Epidemic of the Millenium
At Zócalo Shoes, we have set a new national standard for the resolution of plantar fasciitis. No matter how long a person has been suffering and no matter how severe the condition, we can resolve plantar fasciitis. We have the highest resolution rate for this condition in the United States.
The habit of wearing non-functional footwear will catch up with almost everyone at some point. Many who come to Zócalo Shoes for help find us after months or years of suffering with the debilitating condition of plantar fasciitis. They have tried every branch of the medical professions, and are miserable. They may even have given up walking or their favorite sport or exercise.
If someone has plantar fasciitis, there is no reason for them to continue to suffer. At our facility, for example, once we fit you with what you need, this condition should begin to improve immediately, within 1-3 days. Within 10 days, it should be 50%-80% better. Within 3 weeks, all pain should be gone and the foot should function properly again. It is really that simple.
Think of the plantar fascia as a wide “rubber band” of fibrous tissue that connects at the base (bottom) of the heel bone, runs along the sole of the foot past the metatarsals and connects at the toes. When bearing weight the plantar fascia stretches out. When the weight bearing phase of the walking cycle is over and the foot is in air stepping forward, the “rubber band” snaps the foot back in position to prepare it for the next step. The plantar fascia is the “reset button.” At a fundamental level, foot health is directly related to the function, elasticity and health of the plantar fascia.
In order for the plantar fascia to function properly the foot must be completely free, with no compression (see the chapter on Compression). Compression of the foot keeps the plantar fascia in a constant state of stress. The tension/release, so necessary for the “rubber band” to remain elastic, becomes just tension/tension.
There is absolutely no surgical fix for this condition. Simple, non-invasive EuroPedorthics will do the job in no time, anyway. Surgery performed on the plantar fascia can render the foot dysfunctional and a shadow of its former self.
Although most people think they’ve tried everything to get rid of their plantar fasciitis, they haven’t tried the most obvious, which are shoes that fit correctly.
How To Resolve Plantar Fasciitis
Douglas Goodhart was asked, by the Pedorthic Footcare Association, to deliver the following protocols in a lecture at the “National Pedorthic Symposium 2012.” The protocols are as follows:
Remember – in order for complete resolution to occur, you, the patient, must willingly do your part:
Wear Zocalo Sshoes footwear 100% of the time the feet are weight bearing (walking or standing). Use these and only these shoes while recovering.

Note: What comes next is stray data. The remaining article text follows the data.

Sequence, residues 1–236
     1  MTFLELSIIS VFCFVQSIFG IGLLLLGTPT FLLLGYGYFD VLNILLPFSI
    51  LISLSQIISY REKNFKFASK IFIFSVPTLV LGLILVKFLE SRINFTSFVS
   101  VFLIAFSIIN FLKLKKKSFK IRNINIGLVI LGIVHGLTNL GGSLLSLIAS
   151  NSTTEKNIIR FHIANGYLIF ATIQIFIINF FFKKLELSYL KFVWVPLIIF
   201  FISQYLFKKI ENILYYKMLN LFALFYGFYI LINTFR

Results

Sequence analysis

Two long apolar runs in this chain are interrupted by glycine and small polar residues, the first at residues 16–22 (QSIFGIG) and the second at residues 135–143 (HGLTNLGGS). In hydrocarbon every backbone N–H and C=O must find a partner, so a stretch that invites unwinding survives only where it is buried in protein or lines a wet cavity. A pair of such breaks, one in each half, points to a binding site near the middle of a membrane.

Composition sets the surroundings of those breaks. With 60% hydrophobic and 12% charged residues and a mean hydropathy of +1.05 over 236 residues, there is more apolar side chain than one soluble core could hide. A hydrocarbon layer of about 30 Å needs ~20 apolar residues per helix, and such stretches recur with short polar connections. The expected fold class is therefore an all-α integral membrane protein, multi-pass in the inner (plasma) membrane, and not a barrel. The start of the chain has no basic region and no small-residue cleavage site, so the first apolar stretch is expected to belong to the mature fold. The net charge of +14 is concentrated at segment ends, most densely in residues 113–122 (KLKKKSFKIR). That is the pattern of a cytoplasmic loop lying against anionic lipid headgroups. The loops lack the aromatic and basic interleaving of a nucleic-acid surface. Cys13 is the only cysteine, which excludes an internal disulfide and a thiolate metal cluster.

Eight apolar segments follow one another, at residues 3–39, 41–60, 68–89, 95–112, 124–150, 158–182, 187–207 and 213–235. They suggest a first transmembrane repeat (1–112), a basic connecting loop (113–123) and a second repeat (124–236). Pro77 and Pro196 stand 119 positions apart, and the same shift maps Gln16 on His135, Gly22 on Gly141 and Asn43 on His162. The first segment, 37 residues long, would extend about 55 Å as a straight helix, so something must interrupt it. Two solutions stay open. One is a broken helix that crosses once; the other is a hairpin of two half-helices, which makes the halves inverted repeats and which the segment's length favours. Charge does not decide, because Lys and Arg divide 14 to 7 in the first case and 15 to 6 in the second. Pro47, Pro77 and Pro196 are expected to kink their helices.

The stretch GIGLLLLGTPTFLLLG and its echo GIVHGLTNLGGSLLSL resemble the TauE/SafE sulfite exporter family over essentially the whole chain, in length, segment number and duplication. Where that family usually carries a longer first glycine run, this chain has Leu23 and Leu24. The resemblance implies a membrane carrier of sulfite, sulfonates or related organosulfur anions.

- Perform no stretching exercises of any kind for the foot. All the stretching a foot needs is the light, supported walking that will be done in your Zocalo Shoes footwear. Any other stretching will continue to injure the plantar fascia. Stretching the foot is not medicine, it is a popular culture myth.
- When sitting, keep feet flat on the floor. Do not rest on the ball, side or heel of the foot. This is a bad habit, especially those of us who sit at a desk. For the desk-bound, get a foot riser that can be adjusted at different angles. Observe the feet when driving, especially the left. Don’t let pressure build up at the back of the heel. Whenever possible, keep the feet flat on the floor.
- Do not take injections of cortisone. Cortisone will not resolve plantar fasciitis and is dangerous because it gives a false impression of improvement. Meanwhile, you continue to walk on the injured plantar fascia and further damage is inevitable. Cortisone is not a remedy for plantar fasciitis resolution.
- Do not ice the foot. Ice acts as an irritant to a foot with plantar fasciitis. Instead of relaxing the plantar fascia, ice makes everything contract. That is the opposite of what is needed.
- Do not allow the back of the heel to rest on a sofa, recliner, ottoman or table. When the back of the heel rests on anything, the pressure compresses the fat-pad of the heel and affects the connection of the plantar fascia, keeping the plantar fascia in stress. When laying on a sofa or recliner to read or watch TV, place a pillow under the calves and suspend the back of the heel so that it does not touch the sofa, at all. Don’t worry about heel pressure in bed, as the body changes position frequently, anyway.